Melt tin, and add to the melted mass enough copper, with constant stirring, until the melted metal consists of 95 per cent of tin and 5 per cent of copper. In order to render the mixture more or less hard, add 0.5 to 1 per cent of zinc or lead.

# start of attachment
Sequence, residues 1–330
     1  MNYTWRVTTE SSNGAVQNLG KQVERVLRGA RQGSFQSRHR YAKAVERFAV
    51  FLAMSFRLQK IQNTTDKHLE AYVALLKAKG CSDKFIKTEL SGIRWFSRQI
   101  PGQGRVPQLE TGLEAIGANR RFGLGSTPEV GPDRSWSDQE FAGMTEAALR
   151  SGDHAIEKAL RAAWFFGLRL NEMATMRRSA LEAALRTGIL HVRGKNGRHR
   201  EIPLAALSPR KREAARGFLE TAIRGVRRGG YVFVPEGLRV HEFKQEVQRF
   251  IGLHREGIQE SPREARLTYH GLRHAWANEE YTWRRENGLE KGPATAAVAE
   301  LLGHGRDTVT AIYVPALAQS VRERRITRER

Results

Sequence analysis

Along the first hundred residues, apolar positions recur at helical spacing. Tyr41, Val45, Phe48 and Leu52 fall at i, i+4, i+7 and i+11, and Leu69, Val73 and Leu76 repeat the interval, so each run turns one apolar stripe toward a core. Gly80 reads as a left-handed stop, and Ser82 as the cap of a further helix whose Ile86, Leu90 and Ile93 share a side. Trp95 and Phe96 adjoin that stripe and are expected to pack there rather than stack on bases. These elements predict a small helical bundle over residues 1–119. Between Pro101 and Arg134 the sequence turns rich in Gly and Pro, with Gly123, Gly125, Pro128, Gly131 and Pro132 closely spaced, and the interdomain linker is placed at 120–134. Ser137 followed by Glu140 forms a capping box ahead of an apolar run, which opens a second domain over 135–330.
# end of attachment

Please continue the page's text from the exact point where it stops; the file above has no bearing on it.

A compound of tin (95 parts) and zinc (5 parts) melts at 392° F., and can then be firmly united to glass. An alloy of 90 parts of tin and 10 parts of aluminum melts at 734° F., adheres, like the preceding, to glass, and is equally brilliant. With either of these alloys glass may be soldered as easily as metal, in two ways. In one, heat the pieces of glass in a furnace and rub a stick of soldering alloy over their surfaces. The alloy will melt, and can be easily spread by means of a roll of paper or a slip of aluminum. Press the pieces firmly together, and keep so until cool. In the other,method a common soldering iron, or a rod of aluminum, is heated over a coal fire, a gas jet, or a flame supplied by petroleum. The hot iron is passed over the alloy and then over the pieces to be soldered, without the use of a dissolvent. Care should be taken that neither the soldering irons nor the glass be brought to a temperature above the melting point of the alloy, lest the latter should be oxidized, and prevented from adhering.